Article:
testing and specific plans for the tests called for in that master plan,
               (2) the results of the already ongoing study of ways to reduce the
               program’s cost, and (3) an analysis of alternatives to the current platform.
               DOD did not have these items in hand when it made its decision. We must
               also note that DOD implies that our recommendations would require a
               break in production. This is inaccurate. As we stated in the body of our
               report, the program could have continued under low-rate initial
               production (LRIP) until operational effectiveness and suitability for combat
               were demonstrated and plans to address identified deficiencies and reduce
               program costs were completed.

               4. In its report on the Joint STARS multi-service operational test and
               evaluation, AFOTEC stated that “Joint STARS software is immature and
               significantly impedes the system’s reliability and effectiveness.” We do not
               believe that, given the software intensive nature of the system, this
               statement supports a conclusion that the system could be judged
               operationally effective.




               Page 33                            GAO/NSIAD-97-68 Joint STARS Production Decision
Appendix I
Comments From the Department of Defense




5. We must note that follow-on operational test and evaluation of the
system was planned before the full-rate production decision. The full-rate
production decision called for acceleration of that testing and for that
testing to address deficiencies identified in the earlier tests. Joint STARS
could have continued under LRIP pending a demonstration of operational
effectiveness and suitability.

6. This speaks to the number of aircraft missions planned and the number
for which an aircraft was provided. It does not address the quality or
quantity of the support provided during those missions. Furthermore,
DOD’s comment refers to the same—operation that is reported on in both
the Air Force and DOT&E reports and in this report.

7. U.S.-based contractor support was utilized during the first Operation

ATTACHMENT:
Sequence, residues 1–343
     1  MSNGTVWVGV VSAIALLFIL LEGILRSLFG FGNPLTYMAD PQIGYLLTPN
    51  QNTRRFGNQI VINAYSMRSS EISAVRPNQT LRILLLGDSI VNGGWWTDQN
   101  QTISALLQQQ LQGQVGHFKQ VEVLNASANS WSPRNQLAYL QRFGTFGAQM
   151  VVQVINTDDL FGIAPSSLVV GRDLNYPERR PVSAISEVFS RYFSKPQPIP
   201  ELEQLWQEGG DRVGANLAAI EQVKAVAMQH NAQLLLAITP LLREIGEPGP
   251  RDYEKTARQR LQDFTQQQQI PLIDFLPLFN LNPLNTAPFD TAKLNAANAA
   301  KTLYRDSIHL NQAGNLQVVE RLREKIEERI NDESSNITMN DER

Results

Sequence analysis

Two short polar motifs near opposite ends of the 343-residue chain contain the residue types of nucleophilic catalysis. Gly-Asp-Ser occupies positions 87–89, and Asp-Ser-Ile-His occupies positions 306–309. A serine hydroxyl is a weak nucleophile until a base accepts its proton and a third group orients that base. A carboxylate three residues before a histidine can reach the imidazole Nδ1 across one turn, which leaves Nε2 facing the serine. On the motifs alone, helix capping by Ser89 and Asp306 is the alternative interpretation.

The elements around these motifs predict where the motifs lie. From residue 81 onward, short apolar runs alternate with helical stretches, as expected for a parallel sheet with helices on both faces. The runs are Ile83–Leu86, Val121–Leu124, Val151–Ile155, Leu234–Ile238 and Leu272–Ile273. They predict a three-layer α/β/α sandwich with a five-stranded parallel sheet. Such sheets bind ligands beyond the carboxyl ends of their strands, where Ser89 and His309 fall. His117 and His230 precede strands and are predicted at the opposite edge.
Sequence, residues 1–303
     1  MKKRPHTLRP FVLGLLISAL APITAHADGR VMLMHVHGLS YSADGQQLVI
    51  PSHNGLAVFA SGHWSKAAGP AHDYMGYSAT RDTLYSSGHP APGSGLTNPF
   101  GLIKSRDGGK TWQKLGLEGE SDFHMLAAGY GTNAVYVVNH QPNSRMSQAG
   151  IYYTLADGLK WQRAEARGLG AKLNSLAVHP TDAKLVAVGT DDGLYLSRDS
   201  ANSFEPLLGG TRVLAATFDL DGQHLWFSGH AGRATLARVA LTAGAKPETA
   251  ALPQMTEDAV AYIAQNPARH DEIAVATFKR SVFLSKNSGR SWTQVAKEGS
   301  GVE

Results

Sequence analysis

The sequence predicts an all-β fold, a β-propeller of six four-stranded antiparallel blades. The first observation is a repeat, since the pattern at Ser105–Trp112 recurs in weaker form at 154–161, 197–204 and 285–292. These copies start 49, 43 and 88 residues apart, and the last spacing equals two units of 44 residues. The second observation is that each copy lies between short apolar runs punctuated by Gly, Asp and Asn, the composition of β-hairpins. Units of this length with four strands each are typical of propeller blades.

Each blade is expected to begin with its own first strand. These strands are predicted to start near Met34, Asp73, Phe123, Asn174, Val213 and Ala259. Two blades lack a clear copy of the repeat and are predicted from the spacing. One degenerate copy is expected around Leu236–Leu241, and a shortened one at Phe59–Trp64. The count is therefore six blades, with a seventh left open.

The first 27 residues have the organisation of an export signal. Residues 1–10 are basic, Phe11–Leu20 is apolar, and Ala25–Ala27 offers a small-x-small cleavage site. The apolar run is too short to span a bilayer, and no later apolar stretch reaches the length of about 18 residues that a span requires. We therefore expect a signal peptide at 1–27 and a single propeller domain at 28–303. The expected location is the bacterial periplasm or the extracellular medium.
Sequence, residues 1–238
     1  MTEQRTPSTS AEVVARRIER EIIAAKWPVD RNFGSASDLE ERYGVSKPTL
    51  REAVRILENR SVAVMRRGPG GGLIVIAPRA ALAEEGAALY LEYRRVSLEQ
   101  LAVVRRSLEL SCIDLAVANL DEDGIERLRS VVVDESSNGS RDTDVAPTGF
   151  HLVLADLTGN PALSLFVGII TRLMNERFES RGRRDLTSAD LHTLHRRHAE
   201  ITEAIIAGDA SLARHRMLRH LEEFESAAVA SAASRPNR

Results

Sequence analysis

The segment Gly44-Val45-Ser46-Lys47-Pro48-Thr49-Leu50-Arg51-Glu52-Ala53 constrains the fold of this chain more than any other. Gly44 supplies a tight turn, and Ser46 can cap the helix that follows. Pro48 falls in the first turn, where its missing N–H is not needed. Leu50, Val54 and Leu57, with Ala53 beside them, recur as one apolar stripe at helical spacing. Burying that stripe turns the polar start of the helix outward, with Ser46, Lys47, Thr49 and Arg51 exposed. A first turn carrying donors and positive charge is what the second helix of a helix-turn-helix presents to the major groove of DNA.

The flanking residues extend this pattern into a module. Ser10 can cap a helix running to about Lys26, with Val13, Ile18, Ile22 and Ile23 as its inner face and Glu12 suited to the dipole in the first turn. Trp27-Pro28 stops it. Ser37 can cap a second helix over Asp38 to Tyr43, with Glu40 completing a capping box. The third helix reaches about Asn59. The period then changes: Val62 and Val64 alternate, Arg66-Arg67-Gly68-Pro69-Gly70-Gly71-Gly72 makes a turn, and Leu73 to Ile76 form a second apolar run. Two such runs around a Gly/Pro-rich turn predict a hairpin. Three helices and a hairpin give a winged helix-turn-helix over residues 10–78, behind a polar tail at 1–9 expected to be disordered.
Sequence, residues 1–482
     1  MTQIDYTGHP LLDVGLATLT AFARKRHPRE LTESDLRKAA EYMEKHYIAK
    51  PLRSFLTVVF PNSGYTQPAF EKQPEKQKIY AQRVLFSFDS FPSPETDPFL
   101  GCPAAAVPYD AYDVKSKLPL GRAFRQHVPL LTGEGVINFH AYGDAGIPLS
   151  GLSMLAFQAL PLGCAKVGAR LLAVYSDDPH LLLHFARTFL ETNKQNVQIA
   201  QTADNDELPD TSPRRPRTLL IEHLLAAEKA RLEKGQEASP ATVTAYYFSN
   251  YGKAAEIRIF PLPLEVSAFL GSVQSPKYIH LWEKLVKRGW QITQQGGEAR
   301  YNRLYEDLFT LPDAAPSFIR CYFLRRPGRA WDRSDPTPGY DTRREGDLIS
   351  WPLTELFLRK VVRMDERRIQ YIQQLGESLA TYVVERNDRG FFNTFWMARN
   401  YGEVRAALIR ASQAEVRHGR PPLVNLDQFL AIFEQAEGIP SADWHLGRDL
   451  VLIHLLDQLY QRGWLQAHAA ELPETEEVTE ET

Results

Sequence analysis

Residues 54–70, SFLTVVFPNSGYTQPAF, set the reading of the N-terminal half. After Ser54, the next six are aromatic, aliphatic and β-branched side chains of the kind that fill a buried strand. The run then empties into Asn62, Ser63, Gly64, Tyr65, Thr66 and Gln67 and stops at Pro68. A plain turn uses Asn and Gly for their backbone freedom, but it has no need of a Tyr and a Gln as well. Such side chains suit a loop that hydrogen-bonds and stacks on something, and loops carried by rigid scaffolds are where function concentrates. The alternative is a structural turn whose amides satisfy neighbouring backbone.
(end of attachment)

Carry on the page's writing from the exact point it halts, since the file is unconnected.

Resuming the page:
Joint Endeavor deployment. It is also our understanding that during the
second Operation Joint Endeavor deployment the Air Force may have
utilized a “reach-back” maintenance concept in which U.S. stationed
contractor staff were providing field support through satellite
communications. Moreover, DOD and Air Force officials told us that at least
at the beginning of the second Operation Joint Endeavor deployment,
contractor staff were flying on the deployed aircraft. This clearly raises the
question of what the overall level of contractor support was for both the
first and second deployments.

More importantly, a decrease in the level of contractor support between
the two Operation Joint Endeavor deployments does not speak to (1) the
poor test results during the first deployment with, and in spite of, the level
of contractor support or (2) the quality of the system’s performance during
the second deployment; that is, there was no independent—DOT&E—
measurement or observation of how the system performed against its
operational requirements.

8. Given that (1) the procurement cost growth of $760 million for 19 Joint
STARS aircraft since the low-rate production decision; (2) a current
707 airframe purchase, refurbishment, and modification cost of about
$110 million; (3) the age of the current airframes—25 to 30 years; and
(4) the $7 billion estimated operations and maintenance life-cycle cost of
those aircraft, we continue to believe that an analysis of alternatives to the
current air platform should be performed, a belief bolstered by DOD’s
inability to provide copies of its reported analyses and by the
recommendations of the Command, Control, Communications,
Computers, Intelligence, Surveillance, and Reconnaissance Mission



Page 34                            GAO/NSIAD-97-68 Joint STARS Production Decision
Appendix I
Comments From the Department of Defense




Assessment, as discussed on pages 10, 11, 15, and 16 of this report. We